Why is aldosterone such an important hormone?
Aldosterone is a hormone, part of the mineralocorticoids, that is secreted by the adrenal glands situated on top of the kidneys. Its function is to increase the renal retention of sodium and the excretion of potassium, thus regulating electrolyte and water balance. The key words on the definition are sodium (Na+) and potassium (K+).
It all starts with a delicate balance between the amount of Na+ and K+ that exists in the fluid that surrounds the cell, the cell itself and the blood. Most of the sodium is found in the blood and the fluids around the cells. The potassium is found mostly inside the cells. Aldosterone, this is important for two basic reasons: the role of Na+ in volume control and the role of Na+ and K+ in muscle and nerve functions.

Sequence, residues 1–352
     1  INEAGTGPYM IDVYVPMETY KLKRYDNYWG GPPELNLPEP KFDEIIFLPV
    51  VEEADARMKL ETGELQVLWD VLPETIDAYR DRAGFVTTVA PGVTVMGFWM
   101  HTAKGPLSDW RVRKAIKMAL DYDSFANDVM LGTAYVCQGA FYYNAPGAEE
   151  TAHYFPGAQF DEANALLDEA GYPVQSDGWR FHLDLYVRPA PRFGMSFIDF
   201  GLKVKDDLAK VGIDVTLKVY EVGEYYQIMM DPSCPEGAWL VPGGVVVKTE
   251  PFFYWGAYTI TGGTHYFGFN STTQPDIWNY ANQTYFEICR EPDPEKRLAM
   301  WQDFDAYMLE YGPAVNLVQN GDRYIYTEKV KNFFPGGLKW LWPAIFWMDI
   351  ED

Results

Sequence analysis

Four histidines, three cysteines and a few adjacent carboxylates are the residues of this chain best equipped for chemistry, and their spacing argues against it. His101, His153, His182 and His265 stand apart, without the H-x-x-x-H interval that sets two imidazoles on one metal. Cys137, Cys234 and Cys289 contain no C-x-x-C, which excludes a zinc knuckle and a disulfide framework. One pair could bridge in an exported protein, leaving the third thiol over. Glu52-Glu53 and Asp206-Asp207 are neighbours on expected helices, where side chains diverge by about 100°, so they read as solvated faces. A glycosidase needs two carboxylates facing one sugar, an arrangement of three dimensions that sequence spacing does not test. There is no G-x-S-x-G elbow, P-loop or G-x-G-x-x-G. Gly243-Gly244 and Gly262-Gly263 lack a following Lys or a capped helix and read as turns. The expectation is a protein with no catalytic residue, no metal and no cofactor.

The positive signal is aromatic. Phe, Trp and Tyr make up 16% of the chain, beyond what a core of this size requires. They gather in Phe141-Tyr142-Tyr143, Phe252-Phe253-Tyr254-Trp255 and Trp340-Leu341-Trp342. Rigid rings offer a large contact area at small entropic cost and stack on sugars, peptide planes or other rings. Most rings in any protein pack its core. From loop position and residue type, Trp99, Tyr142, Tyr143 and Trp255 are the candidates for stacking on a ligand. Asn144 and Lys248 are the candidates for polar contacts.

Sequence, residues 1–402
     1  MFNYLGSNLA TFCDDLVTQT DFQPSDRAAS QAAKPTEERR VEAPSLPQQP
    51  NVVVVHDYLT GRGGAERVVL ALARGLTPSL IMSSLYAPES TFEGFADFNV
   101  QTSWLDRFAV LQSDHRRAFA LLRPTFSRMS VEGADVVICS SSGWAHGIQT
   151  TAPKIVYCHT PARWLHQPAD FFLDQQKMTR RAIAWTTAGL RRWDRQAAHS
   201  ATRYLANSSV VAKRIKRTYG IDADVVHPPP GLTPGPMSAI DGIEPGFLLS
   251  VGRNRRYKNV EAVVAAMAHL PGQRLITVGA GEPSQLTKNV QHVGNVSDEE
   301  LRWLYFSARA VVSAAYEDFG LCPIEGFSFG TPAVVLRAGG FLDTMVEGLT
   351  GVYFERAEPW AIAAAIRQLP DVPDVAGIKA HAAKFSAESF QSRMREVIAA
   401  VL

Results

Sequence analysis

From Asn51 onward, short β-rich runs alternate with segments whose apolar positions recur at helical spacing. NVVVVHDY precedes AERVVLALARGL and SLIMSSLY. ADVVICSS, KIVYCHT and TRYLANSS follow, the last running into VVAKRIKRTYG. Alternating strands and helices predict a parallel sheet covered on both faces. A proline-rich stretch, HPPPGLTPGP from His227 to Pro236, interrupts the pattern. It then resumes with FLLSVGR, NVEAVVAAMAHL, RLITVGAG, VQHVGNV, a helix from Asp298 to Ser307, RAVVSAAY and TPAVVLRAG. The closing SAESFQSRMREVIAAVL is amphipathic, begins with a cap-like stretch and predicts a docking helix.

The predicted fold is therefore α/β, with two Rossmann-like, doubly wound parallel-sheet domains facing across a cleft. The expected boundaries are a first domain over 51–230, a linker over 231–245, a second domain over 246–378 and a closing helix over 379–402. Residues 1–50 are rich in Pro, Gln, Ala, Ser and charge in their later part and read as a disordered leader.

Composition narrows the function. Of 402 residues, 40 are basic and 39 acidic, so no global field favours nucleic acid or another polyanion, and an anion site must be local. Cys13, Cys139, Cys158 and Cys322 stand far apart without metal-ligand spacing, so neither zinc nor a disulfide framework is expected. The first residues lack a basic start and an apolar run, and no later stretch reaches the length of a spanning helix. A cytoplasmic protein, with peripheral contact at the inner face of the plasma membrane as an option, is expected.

1)Sodium helps keep a normal blood volume.
This translates into an adequate blood volume able to carry efficiently nutrients to the cell (like lipids and sugars supply necessary energy source and basic elements for ...
Th solution includes a discussion of the importance of aldosterone in maintaining the fluid and electrolyte balance in the body.